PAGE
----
Digital Media Art in the Upper Rhine Valley.
Conservation – Restoration – Sustainability
Herbert W. Franke

Herbert W. Franke

FrankeDoku MG 9221

This case study consists of five partially interactive artistic computer programs by Herbert W. Franke, a pioneer of computer art. The works were conceived and programmed between 1984 and 1992. Their inclusion in Digital Art Works. The Challenges of Conservationmarks their first exhibition in a museum setting. 

In the interactive work ORCHID, created by Franke with a DEC Professional 350 microcomputer, rectangular colored surfaces gradually form in the lower half of the screen, layering and forming into rows. Using the keyboard, it is possible to move the graphic in its entirety up or down the screen. 

The work TROPIC was also written the DEC Professional 350. In this case, it is not possible for the observer to change the parameters using the keyboard, rather he or she can only watch as flat, variably-sized, colored triangles gradually form on screen. The triangles gather like leaves on an invisible vertical, overlap and come to resemble a kind of tropical palm tree. The color of the background and the color of the “leaves” change with the rhythm of the “growth”.

WALDWOHN is another interactive program written on the DEC Professional 350 microcomputer. On a black background, a series of triangles are gradually drawn, each triangle is self-contained and consists of three lines, situated at various positions on the screen. The drawing is reminiscent of a highly abstract forest of small trees, which perhaps explains the title. The triangles move slowly upwards and gradually disappear from the observer’s field of vision. Using the keyboard, the user can change the colors, form and size of each successive triangle.

Two further works by Herbert W. Franke, created using a 386 personal computer, are animations which cannot be manipulated by the observer. 

ABROLL3 shows forms created by overlapping graphic rotations drawn with thin light lines on a black background. As soon as a figure is complete, a random selection of the surfaces created by the intersecting lines is colored in. Then a new rotation cycle begins, where the same figure, with some small differences, is drawn on top of the one already present. Again, some surfaces are colored in at random until a new drawing cycle begins.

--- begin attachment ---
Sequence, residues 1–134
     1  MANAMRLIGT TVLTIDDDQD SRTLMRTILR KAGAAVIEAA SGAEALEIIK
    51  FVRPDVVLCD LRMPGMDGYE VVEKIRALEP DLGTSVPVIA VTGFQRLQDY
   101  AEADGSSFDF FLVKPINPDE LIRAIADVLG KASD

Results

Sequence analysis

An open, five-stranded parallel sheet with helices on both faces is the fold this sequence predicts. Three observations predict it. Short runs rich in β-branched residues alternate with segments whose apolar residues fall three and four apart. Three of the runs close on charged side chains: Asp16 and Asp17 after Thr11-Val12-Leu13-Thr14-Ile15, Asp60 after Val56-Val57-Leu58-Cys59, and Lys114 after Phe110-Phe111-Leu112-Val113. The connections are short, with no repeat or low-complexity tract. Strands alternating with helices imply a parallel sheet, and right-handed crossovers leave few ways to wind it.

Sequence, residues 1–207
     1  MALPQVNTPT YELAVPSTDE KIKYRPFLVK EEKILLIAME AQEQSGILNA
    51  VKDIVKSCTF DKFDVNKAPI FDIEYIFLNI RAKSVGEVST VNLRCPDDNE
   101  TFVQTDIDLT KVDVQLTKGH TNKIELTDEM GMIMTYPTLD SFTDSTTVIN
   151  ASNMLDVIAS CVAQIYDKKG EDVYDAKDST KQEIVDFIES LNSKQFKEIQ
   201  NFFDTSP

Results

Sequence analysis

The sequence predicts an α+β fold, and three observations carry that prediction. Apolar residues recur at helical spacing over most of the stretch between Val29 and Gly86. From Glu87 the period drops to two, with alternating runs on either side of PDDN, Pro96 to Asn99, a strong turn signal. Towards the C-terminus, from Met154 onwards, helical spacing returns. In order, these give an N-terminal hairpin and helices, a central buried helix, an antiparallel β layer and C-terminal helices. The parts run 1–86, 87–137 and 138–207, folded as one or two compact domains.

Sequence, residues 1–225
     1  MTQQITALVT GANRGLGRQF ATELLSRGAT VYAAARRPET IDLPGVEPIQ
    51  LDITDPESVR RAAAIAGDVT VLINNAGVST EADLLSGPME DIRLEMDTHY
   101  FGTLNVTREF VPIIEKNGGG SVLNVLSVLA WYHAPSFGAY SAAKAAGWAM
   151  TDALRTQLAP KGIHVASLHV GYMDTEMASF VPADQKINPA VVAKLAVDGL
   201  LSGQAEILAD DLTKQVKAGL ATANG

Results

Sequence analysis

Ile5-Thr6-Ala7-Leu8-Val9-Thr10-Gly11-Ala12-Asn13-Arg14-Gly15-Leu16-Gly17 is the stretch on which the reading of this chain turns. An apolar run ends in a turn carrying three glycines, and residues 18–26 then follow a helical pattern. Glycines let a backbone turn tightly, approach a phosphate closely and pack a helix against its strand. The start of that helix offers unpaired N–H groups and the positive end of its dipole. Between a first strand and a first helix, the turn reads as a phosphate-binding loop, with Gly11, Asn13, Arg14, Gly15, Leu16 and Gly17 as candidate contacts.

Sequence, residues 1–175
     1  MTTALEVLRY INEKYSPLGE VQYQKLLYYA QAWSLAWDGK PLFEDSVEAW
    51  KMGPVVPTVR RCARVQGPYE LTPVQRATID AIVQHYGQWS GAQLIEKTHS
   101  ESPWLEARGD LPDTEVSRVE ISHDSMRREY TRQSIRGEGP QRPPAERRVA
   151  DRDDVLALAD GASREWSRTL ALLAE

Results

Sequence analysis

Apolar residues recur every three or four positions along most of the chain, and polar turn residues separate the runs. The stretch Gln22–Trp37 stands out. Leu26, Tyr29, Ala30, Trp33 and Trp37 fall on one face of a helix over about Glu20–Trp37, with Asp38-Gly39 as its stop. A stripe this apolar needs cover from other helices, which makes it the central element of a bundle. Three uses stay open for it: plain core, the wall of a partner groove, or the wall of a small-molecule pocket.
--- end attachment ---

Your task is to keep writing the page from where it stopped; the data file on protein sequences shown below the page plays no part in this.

In RAHMEN4 a cellular design reminiscent of a mosaic is drawn on a black background. The individual cells are differently colored, but form a symmetrical image. Beginning from top left, the colors of the cells are altered, cell by cell and line by line, until a new symmetrical pattern has been created. 

Alongside Frieder Nake, Georg Nees and Max Bense, Herbert W. Franke is one of the pioneers of computer art in the German-speaking world. One of the founders of the Ars Electronica festival in Linz, he was educated in both the sciences and humanities. After having experimented with electronic images from the mid-1950s on, he created his first computer graphics in 1967. He is still active as a writer, researcher and artist. 

Conservation measures

The five works here that form the case study for the digital art conservation project were discovered on antiquated desktop computers which Franke gave to the ZKM in 2007. The donation came with the requirement that the data stored on the computers should be retrieved and analyzed. This was carried out within the framework of the current research project. 

Only two of the computers mentioned (DEC Professional 350, 386 Personal Computer) had hard-drives. When the data on these machines was downloaded, backed up and analyzed, it was found to contain various versions of the programs of the artworks, along with office correspondence and other documents. For the data download, 5.25” diskettes were used – also known as floppy disks – along with the computer’s integrated double disk drive (RX50). 

After the successful data preservation measures, Herbert W. Franke was consulted to assess the discovered data. The artist selected a small number of programs which he regarded as appropriate for museum presentation. After the selection, the programs had to be prepared for presentation with a maximum degree of authenticity. For the presentation of the BASIC-11 programs (ORCHID, TROPIC, WALDWOHN), a software emulator was used – a computer program which can imitate the functionality of an obsolete operating system on a more modern one.

Franke MG 4840

Franke MG 9281

Photos: ONUK

The project is supported by:
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